Travis reviews the feedback they received from attendees, the workshop’s impact, and the biggest learnings to recap the successes of his team and the workshop. Outputs from the workshop ultimately led to some of the best leadership presentations his team has ever produced!

Learning #1: Attendees wanted more time — The team held office hours at the end of the day for extra collaboration. To Travis's surprise, these were well attended and more time was often desired.

Learning #2: Making things drives engagement — Travis shared on the importance of making the work relevant to day-to-day responsibilities of attendees.

Learning #3 Emotional note taker — A novel way to get more information from customer interviews, during interviews the group would designate an "emotional notetaker" to focus on non-verbal cues like facial expressions.

Learning #4 You have to make learning fun — Travis took steps to make sure the workshop wasn't a chore, using things like music, energy-boosting video, giveaways, and sound effects to drive workshop participant engagement.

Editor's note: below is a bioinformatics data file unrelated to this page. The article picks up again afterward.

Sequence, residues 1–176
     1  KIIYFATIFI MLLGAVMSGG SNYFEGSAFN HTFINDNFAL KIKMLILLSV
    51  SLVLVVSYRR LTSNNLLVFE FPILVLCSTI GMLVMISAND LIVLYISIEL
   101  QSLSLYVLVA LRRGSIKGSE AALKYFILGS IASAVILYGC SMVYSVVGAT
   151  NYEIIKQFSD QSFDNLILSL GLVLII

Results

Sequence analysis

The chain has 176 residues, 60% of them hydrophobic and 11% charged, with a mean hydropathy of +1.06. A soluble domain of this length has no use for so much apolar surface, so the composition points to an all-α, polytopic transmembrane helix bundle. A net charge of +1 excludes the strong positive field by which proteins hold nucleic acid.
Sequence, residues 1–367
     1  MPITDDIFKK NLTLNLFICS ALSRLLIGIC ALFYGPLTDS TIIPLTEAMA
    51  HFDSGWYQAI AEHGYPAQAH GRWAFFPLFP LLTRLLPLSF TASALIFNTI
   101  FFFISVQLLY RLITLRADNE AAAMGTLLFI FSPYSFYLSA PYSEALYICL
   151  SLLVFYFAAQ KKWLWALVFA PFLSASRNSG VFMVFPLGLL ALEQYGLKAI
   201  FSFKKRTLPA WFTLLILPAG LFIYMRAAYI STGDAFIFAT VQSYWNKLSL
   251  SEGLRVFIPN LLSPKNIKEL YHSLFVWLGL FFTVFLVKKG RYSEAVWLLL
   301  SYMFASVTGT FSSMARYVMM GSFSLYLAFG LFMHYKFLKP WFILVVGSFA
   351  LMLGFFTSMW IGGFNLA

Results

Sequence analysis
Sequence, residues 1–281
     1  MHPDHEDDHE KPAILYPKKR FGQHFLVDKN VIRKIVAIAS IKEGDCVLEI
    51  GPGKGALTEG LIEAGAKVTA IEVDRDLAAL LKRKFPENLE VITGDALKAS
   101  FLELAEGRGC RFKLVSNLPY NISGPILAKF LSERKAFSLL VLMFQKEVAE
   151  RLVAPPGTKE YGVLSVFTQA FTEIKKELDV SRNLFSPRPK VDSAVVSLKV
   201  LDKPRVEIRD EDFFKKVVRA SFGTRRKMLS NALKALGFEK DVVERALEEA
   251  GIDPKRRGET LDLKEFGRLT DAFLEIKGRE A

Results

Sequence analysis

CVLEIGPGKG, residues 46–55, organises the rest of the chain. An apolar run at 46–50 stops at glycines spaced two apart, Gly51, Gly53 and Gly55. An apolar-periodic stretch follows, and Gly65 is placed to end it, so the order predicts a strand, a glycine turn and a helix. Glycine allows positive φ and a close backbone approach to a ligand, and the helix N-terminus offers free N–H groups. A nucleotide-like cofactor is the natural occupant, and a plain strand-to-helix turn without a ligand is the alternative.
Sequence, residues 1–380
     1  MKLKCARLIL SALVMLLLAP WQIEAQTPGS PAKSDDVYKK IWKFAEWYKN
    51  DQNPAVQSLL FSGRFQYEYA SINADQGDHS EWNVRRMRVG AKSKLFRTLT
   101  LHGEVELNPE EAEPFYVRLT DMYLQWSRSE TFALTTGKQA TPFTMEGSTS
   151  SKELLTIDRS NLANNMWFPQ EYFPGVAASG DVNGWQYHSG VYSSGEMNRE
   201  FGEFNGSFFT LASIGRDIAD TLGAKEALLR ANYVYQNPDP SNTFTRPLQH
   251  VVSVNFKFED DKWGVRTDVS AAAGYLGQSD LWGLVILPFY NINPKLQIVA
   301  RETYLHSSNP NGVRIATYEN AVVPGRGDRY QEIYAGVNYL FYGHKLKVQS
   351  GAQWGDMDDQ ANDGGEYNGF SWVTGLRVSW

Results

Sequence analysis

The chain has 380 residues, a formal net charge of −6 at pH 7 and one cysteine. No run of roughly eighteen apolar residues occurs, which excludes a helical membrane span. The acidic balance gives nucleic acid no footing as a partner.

Learning #5 Foster conversation during the leadership review — Learn about the importance of presenting findings at the end of the workshop — and how MURAL played a special part by doing double-duty as not only for online collaboration but also for serving as a presentation tool.

Learning #6 Our coaches made all the difference — "Our remote workshop wasn’t successful because we had powerful software. That was a key contributor — sure — but the workshop was successful because we had a group of coaches that were deeply committed to empowering all of our product teams to connect and learn from our customers." 🎉

Travis surveyed attendees, asking how satisfied they were with the Customer-Driven Workshop. The majority were "Very satisfied" (58% of attendees responded).

Read Part 3: The learnings →